Over the past year, I had been gradually working on a project to set up a locally-hosted bug tracker for use within the company. It was essentially complete within a few months, but finishing touches depended on several managers (including the head of the company) who ignored and dragged their heels whenever asked.
Last week the head of the company killed the project, citing time spent on maintenance. Instead we are to start looking at other, cloud-based solutions, and research of this was given to one of the other managers. (It was very apparent that the only reason the cloud-based solution was considered at all was that this other manager was far more pressing about a bug tracker than I could be.)
I have been considering looking for another job for a while (this is but one of many reasons), and it's time I polish up my resume.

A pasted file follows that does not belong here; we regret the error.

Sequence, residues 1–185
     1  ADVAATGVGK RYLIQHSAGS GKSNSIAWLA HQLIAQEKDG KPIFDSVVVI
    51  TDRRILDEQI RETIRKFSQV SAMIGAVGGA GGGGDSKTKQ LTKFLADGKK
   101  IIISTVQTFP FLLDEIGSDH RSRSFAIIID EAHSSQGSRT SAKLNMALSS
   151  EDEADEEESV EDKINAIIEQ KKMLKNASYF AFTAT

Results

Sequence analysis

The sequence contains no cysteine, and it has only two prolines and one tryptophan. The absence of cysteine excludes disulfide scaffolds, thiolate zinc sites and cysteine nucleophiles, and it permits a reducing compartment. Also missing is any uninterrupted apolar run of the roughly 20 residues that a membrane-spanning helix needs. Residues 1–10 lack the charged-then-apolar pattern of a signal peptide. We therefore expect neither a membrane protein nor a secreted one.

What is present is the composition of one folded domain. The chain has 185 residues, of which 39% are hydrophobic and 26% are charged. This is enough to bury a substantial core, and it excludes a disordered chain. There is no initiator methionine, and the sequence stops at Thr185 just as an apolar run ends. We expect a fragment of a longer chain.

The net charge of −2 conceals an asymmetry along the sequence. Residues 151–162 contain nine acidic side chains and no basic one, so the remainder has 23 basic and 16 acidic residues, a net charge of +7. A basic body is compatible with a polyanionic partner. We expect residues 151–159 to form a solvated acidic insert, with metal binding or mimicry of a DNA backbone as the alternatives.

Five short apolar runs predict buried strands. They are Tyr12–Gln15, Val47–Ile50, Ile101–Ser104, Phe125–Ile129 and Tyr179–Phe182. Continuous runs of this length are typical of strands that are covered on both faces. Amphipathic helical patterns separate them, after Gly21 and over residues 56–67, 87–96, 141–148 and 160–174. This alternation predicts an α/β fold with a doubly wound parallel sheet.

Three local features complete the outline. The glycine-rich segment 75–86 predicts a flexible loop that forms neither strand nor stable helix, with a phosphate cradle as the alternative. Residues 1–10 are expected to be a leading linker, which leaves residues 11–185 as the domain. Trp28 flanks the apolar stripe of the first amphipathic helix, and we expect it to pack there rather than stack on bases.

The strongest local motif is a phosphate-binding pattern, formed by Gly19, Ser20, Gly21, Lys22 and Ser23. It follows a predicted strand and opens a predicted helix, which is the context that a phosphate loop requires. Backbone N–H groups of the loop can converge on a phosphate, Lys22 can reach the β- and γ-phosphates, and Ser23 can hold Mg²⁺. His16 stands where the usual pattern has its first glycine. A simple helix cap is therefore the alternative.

This project taught me a lot of how these systems work, as well as many of the tools used to do so. It was by far the most educational experience at the company. Regardless of how it ended, the skills I learned from it I will try to list prominently on my resume.
However, if I put this project on my resume, an interviewer is likely to ask what value I added to my prior employer with that project. And technically I wasn't able to add any. The head of the company always saw the project as a waste, so it never got off the ground.
I want to provide an example of the skills I've acquired, and the project was very nearly successful. Can I put this project on my resume (or even mention it in an interview) without putting myself in the awkward position of having to try to justify a killed project?